Alderson Broaddus University has gone through some permutations during its long history, including several changes in name and location. The college has been in four different places and has had eight name changes in its existence.
The roots of Alderson Broaddus extend back to post-Civil War Virginia, and to the personal efforts of Edward Jefferson Willis, peripatetic adventurer, war hero, and devout Baptist layman. In 1871, at the prompting of local Baptist congregations, Willis founded the Winchester Female Institute in Winchester, Virginia, the ancestor of Broaddus College. From this point the college has hewn steadfastly to its American Baptist identity. In 1875 the name was changed to Broaddus Female College in honor of Baptist preacher William F. Broaddus. In 1876, Willis moved the school across the mountains to Clarksburg, in response to a depressed economy in Virginia. The name was changed to Broaddus College in 1885 and to Broaddus Classical and Scientific Institute in 1894 when male students were first accepted. The college moved to Philippi in 1909.
Miss Emma Alderson founded Alderson Academy in Alderson, Greenbrier County, in 1901. Coeducational from the start, the Academy announced an enrollment of 40 students its first year, and 107 students had enrolled by the end of the year. In 1911 the name was changed to Alderson Baptist Academy, and in 1919 to Alderson Baptist Academy and Junior College. In 1932 the Academy merged with Broaddus College and moved to the Philippi campus. The Great Depression had put both institutions in dire financial straits, and the West Virginia Baptist Convention ordered the merger of the two. Out of this marriage came Alderson-Broaddus College, the name the school holds to this day.
The tiny college, whose early Philippi campus consisted of just three major buildings, struggled during the 1930s and World War II. The Depression drained the college’s finances, while the war took away male students. The end of the war, however, brought better times and an influx of GI Bill students. Enrollment increased significantly and with it the college’s finances. In 1945, A-B established the first baccalaureate nursing program in West Virginia.
In 1950, a young pastor, Richard E. Shearer, accepted the offer of the board of trustees to assume the presidency of Alderson-Broaddus College. At 30 he was thought to be the youngest college president in the country. Under Shearer the fortunes of the college improved dramatically, ushering in two decades of growth. It was during Shearer’s 32-year tenure that the modern campus and identity emerged.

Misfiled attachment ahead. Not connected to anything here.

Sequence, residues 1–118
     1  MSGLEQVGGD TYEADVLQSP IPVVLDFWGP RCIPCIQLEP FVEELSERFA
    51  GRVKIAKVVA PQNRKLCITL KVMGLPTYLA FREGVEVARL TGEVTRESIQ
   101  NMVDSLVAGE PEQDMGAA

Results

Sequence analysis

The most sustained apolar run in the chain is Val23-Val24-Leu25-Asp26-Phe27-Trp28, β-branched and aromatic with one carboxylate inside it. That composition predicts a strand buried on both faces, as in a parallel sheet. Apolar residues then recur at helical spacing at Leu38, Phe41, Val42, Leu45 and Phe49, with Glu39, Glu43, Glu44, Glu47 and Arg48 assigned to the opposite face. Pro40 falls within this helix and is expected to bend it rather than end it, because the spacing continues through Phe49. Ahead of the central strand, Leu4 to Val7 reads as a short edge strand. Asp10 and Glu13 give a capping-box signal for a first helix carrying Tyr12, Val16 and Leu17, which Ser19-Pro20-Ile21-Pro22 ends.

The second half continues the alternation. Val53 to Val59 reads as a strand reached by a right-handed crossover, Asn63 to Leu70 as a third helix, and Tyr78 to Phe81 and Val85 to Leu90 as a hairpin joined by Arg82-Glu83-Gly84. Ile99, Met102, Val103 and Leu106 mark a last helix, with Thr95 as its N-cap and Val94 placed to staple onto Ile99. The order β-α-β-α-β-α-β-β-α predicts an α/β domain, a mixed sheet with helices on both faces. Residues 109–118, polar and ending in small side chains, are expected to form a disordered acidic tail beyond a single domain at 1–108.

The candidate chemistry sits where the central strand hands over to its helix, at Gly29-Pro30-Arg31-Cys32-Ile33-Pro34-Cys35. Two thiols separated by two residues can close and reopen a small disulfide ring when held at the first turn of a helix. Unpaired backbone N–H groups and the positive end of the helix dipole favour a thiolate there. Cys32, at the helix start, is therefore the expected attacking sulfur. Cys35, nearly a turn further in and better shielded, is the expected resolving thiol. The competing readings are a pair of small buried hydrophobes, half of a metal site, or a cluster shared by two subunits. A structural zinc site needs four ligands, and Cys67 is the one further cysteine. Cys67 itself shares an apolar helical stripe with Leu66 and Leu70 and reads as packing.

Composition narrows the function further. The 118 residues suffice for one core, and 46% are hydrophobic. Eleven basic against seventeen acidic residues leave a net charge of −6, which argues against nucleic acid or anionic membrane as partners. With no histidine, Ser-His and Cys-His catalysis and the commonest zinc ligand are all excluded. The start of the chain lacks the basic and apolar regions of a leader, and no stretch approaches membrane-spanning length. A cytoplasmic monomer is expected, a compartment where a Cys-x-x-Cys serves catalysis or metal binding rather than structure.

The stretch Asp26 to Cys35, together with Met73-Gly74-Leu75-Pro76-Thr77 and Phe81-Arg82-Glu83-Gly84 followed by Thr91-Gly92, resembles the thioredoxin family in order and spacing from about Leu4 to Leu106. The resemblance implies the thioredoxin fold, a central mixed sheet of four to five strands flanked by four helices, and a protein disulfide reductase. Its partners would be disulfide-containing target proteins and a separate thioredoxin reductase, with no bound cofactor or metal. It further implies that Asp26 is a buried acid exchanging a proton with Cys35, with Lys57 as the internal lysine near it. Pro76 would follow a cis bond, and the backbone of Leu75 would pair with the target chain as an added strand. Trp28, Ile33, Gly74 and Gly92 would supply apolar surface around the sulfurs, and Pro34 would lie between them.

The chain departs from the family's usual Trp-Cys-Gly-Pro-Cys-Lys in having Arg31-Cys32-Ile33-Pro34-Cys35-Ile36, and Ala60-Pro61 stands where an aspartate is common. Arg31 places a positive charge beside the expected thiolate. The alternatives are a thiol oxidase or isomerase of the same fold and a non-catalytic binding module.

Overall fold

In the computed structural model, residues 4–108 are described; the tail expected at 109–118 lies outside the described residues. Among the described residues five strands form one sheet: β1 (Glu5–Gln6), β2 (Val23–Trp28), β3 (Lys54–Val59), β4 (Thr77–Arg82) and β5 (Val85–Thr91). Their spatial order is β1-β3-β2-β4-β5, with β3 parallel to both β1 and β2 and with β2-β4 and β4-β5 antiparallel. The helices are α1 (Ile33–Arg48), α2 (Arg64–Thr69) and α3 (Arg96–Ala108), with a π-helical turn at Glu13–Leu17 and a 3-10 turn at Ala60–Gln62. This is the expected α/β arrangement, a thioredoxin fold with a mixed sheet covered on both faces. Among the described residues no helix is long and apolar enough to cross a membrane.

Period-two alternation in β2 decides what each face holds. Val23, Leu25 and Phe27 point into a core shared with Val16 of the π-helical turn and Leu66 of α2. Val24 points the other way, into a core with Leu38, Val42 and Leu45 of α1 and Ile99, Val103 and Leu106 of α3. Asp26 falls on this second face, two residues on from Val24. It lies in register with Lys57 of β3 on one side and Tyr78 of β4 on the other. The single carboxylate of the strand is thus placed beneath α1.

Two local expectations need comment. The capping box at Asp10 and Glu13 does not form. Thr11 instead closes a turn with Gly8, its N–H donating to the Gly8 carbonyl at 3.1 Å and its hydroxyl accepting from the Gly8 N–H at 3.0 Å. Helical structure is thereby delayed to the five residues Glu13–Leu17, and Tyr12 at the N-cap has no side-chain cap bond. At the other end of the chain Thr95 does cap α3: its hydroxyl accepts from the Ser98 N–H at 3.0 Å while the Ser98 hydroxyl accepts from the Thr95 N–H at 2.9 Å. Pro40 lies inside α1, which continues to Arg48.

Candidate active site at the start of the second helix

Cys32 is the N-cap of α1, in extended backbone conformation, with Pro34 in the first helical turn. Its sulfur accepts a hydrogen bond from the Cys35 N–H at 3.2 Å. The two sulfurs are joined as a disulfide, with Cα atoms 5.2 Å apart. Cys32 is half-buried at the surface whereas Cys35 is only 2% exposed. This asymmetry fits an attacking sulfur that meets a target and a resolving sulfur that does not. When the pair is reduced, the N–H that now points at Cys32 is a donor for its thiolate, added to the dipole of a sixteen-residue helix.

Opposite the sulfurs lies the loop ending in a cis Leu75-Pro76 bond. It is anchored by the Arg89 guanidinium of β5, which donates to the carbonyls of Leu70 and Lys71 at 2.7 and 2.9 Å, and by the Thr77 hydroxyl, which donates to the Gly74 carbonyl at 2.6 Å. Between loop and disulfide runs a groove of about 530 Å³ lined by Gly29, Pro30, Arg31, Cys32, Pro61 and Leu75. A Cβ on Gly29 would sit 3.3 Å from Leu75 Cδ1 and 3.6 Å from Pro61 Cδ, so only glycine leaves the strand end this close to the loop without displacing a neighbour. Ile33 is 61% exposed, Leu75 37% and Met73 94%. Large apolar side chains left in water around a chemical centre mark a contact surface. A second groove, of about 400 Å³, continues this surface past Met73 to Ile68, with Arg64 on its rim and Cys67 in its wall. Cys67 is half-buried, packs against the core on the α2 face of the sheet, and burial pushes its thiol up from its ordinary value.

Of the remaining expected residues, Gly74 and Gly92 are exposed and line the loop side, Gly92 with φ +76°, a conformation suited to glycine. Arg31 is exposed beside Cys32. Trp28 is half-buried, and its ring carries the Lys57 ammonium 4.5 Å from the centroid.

The 1950s saw the construction of the Pickett Library-Funkhouser Auditorium, the Benedum Residence Hall, and Broaddus Hospital. The decade was capped, in 1959, by the achievement of accreditation from the North Central Association of Colleges and Schools. This signal event was made known to students, faculty, and staff when Dr. Shearer, an avid amateur pilot, tossed a doll out of his airplane while flying over campus. Excited students, intercepting the doll as it floated down by parachute, read this message emblazoned on its chest: ‘‘We Made It!’’
The 1960s and 1970s witnessed continued growth with the addition of eight new campus structures. Through the commitment and vision of Dr. Hu Myers, a revered Barbour County physician, the college established in 1968 the first baccalaureate physician assistant program in the country. Building on the successful nursing program, this underscored the growing importance of the health sciences at Alderson-Broaddus. Rising from the ashes of historic Old Main Hall, destroyed by fire in 1978, was New Main, which opened in 1980 at a cost of $2 million.
The 1990s were another time of fundamental change for the institution. Having weathered wars, depressions, and social upheavals, Alderson-Broaddus now confronted sweeping social and economic changes. During this time the institution carried out its most successful capital campaign, which brought more than $12 million into college coffers. The money helped bring upgrades to the computer system, comprehensive renovations to three of the four residence halls, and the building of the Erickson Alumni Center. The college also had its share of setbacks. Undoubtedly the greatest was the temporary loss of accreditation of the Physician Assistant Program in 1995 and the extensive restructuring and downsizing of the program that followed. Although accreditation was restored in 1996, it was clear that A-B could no longer depend so heavily on the health sciences.
By the end of the decade a newly streamlined college was beginning to implement a new set of educational programs—distance learning, professional training, and adult education. Innovations include on-line certificate programs in business fundamentals and computer science and new RN-BSN and LPN-BSN degree programs. The institution first offered a Physician Assistant master’s program in 1991 and has since added a surgery track in that program. In 2002, the Mollohan Work Force Training Center was opened.
In 2011, Alderson-Broaddus named a new president, Rick Creehan. In 2013, the college changed its name to Alderson Broaddus University. Alderson Broaddus continues to enjoy a strong denominational identity as an American Baptist institution, and a continuing commitment to a values-based liberal arts education.
This Article was written by Kim Smucker
Last Revised on July 02, 2013
Withers, Richard & Martha Rose Roy. Light on the Hill: A Pictorial History of Alderson-Broaddus College. Virginia Beach: Donning Co., 1995.
Cite This Article
Smucker, Kim "Alderson Broaddus University." e-WV: The West Virginia Encyclopedia. 02 July 2013. Web. 01 September 2015.